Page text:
There are over 85,000 financial cooperatives, or credit unions, worldwide. Unlike a bank, these cooperatives are non-profit financial institutions and exist to serve their members. Since these institutions are not-for-profit, their collaborative nature often causes them to work together to achieve the common goal of providing the best service to members, leading to the development of credit union service organizations, or CUSOs. A CUSO is an organization formed and/or owned by one or more credit union(s) to provide a specific product or service within the industry.By collaborating through CUSOs, credit unions compete on a larger scale by trying new technologies that increase efficiencies and improve the member experience. This setting has created the perfect opportunity for credit unions to explore the use cases of some of today’s newest technology — blockchain.
Innovators across multiple industries are rapidly identifying the potential uses of blockchain, and its underlying system, distributed ledger technology (DLT). The financial services sector is a natural fit for this technology and credit unions are playing a key role in this initiative. In addition to being among the first to adopt self-sovereign identity (SSI), a decentralized member-owned digital identity built on DLT, credit unions are seeking to take advantage of some of blockchain’s unique benefits.
Every interaction a member has with their credit union starts by confirming the member’s identity. Credit unions must comply with Know Your Customer, or KYC, requirements, in which the organization must obtain information about the identity of the customer. This is often in the form of verifying the member’s address, transaction history or, sometimes, last four digits of their social security number, and can take more than a few minutes to complete.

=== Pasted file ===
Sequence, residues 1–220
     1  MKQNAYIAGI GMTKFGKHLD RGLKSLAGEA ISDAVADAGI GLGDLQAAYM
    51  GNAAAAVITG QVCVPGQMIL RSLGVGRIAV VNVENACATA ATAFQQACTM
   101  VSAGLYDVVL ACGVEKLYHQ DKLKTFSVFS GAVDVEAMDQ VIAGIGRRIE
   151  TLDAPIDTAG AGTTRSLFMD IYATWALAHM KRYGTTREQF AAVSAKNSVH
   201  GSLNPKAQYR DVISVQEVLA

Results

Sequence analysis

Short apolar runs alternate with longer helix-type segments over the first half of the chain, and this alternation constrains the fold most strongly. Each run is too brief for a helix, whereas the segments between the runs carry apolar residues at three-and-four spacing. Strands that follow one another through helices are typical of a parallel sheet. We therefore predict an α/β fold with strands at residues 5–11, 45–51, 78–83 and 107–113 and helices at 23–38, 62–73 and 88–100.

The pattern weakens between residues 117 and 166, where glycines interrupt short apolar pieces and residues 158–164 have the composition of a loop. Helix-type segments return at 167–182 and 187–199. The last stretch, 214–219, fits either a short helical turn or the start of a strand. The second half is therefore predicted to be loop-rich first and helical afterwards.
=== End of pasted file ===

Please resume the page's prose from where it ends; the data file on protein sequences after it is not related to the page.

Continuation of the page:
DLT presents a faster and more secure alternative way to confirm a member’s identity regardless of the channel — in person, online or by phone. By leveraging SSI, members can confidently and easily prove who they are, often in under five seconds or less. Since this type of digital identity is self-sovereign, credit unions can provide members with a lifetime portable digital identity that does not depend on any central authority and can never be taken away — an appealing offer to anyone concerned about controlling their online data. Additionally, SSI serves as the basis for any future applications built on DLT.
Credit unions often provide indirect lending services, typically in the form of an auto loan that a borrower obtains from the financial institution through a dealership. One of the major benefits of working with financial cooperatives is that they offer extremely low interest rates, typically at least one percent lower than most banks’ interest rates.
Indirect lending is viewed by many credit unions as an opportunity to expand their membership base in the community. In addition to offering better rates, credit unions using DLT can improve the overall lending process by leveraging the benefits of SSI and reduce fraud. When a new or existing member establishes their own self-sovereign digital identity, they are then able to take advantage of a new blockchain application: smart contracts.
Smart contracts can streamline the current time-intensive, paper-laden processes for processing consumer loans. A recent article explains how smart contracts work in a car buying setting. To summarize, credit unions leveraging SSI enable their members to share verified digital credentials ad hoc with car dealerships and credit unions, processing loans within seconds. Utilizing blockchain technology provides credit unions with an opportunity to attract and engage new members in an efficient, yet indirect way.